• Alcohol extractions don’t need heat, so the plant’s volatile oils are preserved. This makes the tincture more effective.
  • And … with proper storage, alcohol tinctures have an unlimited shelf life.

Most dogs are fine with herbal tinctures. The small amount of alcohol makes them very safe. But if your dog doesn’t tolerate herbal tinctures well, here’s the solution.

Dilute the tincture dose with an equal amount of hot water. It’ll cause the alcohol to evaporate.

Organic Alcohol

Organic alcohol is the same as ethanol or grain alcohol … but the fermentation, distillation and packaging processes use organic standards.

Methyl Alcohol or Methanol

Methanol is a highly toxic form of alcohol. It’s also known as wood alcohol. Methanol is used in antifreeze, as a solvent, an industrial cleaner, and in the synthesis of formaldehyde.

Denatured Alcohol

Denatured alcohol can be made of ethanol … or sometimes other chemically classified alcohols that are not ethanol based.

This type of alcohol is denatured by the addition of toxic solvents. This makes the alcohol unfit for consumption.

Companies denature alcohol to avoid having to pay taxes. It also stops people from buying ethanol anywhere but a liquor store.

The chemicals used to denature vary. But the most popular are …

  • methanol
  • acetone
  • methyl isobutyl ketone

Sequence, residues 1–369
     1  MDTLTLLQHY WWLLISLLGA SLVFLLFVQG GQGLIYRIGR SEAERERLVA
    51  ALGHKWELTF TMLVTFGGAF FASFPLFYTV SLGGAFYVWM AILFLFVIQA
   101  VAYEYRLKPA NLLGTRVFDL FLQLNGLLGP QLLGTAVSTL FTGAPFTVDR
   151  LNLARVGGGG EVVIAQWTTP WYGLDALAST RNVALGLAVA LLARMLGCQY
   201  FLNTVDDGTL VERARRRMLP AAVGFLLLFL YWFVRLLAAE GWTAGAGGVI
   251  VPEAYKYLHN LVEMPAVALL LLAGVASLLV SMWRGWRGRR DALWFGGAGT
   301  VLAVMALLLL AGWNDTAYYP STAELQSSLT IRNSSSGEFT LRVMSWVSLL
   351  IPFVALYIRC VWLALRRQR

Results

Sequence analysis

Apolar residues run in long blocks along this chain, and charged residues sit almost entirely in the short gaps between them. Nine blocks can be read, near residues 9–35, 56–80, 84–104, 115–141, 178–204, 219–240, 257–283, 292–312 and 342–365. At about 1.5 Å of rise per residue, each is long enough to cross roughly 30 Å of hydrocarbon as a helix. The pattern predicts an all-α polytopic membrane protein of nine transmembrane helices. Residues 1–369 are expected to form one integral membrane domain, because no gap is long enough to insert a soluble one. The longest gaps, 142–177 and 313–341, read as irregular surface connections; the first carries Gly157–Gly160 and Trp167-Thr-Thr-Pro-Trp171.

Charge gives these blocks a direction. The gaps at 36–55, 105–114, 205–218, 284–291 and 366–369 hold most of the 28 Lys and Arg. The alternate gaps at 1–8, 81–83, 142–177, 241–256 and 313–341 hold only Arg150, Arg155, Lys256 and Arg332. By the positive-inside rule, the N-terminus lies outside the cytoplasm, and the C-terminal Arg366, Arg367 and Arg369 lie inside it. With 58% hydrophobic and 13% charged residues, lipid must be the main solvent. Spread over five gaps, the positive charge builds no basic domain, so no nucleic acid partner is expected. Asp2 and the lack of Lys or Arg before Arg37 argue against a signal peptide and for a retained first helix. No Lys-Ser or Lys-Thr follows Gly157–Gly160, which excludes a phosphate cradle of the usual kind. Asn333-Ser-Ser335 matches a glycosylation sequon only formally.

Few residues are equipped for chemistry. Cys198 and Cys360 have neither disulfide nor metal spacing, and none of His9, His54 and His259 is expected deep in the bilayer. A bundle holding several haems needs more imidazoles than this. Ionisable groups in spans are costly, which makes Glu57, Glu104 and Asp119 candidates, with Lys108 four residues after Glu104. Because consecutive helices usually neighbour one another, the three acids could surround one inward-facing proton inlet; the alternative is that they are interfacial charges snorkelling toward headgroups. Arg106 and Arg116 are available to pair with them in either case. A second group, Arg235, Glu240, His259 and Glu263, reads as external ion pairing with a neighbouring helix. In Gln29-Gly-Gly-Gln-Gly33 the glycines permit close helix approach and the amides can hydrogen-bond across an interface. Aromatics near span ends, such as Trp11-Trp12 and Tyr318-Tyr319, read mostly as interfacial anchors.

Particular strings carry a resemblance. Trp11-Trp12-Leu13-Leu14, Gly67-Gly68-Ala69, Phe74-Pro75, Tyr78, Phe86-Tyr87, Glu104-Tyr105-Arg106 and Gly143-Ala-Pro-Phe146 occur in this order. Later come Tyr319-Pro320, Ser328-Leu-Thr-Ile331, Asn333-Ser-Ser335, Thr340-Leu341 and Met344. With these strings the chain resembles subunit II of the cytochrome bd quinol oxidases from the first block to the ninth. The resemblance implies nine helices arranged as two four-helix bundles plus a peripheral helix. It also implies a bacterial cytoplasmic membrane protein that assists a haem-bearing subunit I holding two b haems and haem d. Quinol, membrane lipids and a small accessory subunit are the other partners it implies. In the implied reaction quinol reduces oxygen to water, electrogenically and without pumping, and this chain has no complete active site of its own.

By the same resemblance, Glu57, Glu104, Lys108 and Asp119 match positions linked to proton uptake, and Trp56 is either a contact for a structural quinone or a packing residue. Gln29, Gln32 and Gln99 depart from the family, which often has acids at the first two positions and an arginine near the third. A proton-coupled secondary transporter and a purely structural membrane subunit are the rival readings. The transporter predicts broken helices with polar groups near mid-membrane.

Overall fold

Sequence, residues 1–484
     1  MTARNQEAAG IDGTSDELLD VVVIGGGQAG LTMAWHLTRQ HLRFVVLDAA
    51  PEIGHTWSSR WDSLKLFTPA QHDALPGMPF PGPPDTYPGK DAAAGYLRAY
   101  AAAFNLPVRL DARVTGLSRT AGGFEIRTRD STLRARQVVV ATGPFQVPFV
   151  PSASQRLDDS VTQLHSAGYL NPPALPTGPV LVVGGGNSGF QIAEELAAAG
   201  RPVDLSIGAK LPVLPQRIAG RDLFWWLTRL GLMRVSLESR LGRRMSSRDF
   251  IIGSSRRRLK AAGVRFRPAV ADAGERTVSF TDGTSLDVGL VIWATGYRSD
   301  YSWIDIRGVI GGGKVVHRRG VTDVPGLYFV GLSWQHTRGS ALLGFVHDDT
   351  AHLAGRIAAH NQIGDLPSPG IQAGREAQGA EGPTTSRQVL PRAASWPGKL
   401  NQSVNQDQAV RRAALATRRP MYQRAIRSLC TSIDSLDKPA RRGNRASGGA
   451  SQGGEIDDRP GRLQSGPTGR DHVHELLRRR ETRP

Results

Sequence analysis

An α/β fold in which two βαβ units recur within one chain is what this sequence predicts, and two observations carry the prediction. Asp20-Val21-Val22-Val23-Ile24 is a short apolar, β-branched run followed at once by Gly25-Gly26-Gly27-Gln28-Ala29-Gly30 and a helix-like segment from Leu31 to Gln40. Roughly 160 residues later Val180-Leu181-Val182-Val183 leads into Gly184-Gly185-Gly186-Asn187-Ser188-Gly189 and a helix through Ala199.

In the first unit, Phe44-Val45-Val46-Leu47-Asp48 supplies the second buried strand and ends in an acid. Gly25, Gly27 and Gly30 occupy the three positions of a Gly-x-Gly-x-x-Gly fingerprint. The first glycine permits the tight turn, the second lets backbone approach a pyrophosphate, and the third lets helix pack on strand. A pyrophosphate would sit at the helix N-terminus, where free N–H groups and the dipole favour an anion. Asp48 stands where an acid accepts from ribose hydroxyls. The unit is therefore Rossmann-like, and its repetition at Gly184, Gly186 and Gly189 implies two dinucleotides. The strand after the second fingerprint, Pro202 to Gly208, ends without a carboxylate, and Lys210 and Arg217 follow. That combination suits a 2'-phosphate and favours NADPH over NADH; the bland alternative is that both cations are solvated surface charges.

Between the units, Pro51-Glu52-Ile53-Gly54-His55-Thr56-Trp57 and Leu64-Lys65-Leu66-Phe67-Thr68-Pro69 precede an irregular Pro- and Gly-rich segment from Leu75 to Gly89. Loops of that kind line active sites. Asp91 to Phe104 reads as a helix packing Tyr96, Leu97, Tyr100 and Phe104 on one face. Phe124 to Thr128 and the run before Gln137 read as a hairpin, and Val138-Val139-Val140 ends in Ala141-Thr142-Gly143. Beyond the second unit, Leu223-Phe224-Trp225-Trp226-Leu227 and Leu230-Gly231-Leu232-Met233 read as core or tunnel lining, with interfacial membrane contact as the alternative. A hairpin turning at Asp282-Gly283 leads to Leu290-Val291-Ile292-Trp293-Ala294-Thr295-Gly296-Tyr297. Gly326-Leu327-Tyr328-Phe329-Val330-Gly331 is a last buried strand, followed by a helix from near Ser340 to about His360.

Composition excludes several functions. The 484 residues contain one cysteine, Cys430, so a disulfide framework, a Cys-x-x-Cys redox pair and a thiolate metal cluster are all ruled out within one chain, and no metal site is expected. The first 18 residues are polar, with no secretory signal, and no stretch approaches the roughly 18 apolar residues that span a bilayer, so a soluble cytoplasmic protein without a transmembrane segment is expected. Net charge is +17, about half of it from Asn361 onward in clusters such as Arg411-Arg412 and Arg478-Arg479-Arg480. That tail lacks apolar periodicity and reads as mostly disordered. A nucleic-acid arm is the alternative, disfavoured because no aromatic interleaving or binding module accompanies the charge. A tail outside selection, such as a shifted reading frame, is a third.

• isopropyl alcohol (rubbing alcohol)
  • methyl ethyl ketone

Many of these added chemicals are nearly impossible to distill out of the alcohol. This makes them the toxins of choice for the denatured alcohol industry.

Isopropyl Alcohol

Isopropyl alcohol is touted as a mild antiseptic, cleaner and disinfectant. It’s made through the hydration of water and a carbon called propene. This comes from fossil fuels like petroleum, natural gas and coal.

Why You Should Care About Isopropyl Alcohol

Isopropyl alcohol is rapidly absorbed through your dog’s skin. It has several negative effects.

  • Skin irritation and excessive dryness.
  • Delays healing of skin tissue.
  • Removes the skin’s naturally occurring moisture barrier.
  • Can cause respiratory tract irritation when inhaled.
  • Is a neurotoxin (harming the nervous system).
  • It contains petroleum-based propene, which makes it unfit to drink … and twice as toxic as ethanol.  
  • The liver oxidizes isopropyl alcohol into acetone. With prolonged exposure this process can damage the kidneys.

Other Names For Isopropyl Alcohol

Isopropyl alcohol has a few other names:

  • propyl alcohol
  • propanol
  • isopropyl alcohol
  • isopropanol
  • 2-hydroxypropane
  • 2-propyl alcohol
  • dimethyl carbinol

So … look out for these names when you shop for dog products.

Pet Care Products With Isopropyl Alcohol

Here are two examples of popular pet care products containing isopropyl alcohol.

1. This first product is for use on paws and hot spots.  It touts that “your dog would ask for it.” My pug, Francis, has firmly verified that she would not.

Active ingredients: Cod Liver Oil, Gentian Violet, Brilliant Green.

Other Ingredients: Isopropyl Alcohol, Balsam Peru, Glycerine, Cade Oil, Tannic Acid, Turpentine.

I can’t ignore that this product uses a substance called Brilliant Green. This is also known as Zelyonka. It’s a Russian dye that’s toxic when eaten. And it’s likely your dog would eat it. Because the first ingredient is cod liver oil. I don’t know any dog who wouldn’t do her best to lick the fish oil off her skin and paws.